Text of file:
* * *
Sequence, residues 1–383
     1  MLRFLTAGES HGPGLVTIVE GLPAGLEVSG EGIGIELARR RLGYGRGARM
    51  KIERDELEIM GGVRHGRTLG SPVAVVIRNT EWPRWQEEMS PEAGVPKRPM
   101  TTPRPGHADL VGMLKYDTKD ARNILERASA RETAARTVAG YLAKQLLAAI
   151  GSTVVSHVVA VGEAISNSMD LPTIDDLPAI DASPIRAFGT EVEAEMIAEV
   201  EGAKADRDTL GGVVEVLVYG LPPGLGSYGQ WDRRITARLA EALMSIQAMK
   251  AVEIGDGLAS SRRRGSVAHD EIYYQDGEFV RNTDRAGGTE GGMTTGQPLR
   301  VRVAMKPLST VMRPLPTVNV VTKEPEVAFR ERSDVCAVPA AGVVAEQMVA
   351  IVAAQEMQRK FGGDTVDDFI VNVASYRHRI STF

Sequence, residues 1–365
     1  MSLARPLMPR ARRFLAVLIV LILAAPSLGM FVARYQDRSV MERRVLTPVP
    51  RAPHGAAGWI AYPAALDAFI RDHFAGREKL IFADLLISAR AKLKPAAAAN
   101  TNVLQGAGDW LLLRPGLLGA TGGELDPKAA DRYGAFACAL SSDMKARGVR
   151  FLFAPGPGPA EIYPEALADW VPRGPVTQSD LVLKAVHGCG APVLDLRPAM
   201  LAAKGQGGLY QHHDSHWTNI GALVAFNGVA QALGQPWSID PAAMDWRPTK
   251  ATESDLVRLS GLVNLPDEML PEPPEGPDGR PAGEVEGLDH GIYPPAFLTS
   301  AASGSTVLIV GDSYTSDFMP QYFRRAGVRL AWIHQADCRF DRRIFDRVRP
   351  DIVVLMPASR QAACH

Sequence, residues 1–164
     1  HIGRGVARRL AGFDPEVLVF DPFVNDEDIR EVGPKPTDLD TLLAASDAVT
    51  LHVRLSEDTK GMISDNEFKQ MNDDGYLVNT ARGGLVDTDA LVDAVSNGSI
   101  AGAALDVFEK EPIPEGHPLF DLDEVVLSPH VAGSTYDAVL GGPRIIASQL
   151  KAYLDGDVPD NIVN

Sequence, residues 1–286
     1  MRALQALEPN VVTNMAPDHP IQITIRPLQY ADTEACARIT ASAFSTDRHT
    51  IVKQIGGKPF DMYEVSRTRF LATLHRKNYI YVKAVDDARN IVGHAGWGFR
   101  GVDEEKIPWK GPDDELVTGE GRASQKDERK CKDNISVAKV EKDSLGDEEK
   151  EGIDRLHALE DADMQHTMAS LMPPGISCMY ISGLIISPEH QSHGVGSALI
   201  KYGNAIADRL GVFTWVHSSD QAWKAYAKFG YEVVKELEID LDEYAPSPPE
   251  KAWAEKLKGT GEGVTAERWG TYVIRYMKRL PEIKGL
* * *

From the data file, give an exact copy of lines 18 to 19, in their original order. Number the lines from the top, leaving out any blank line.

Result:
   351  DIVVLMPASR QAACH

Sequence, residues 1–164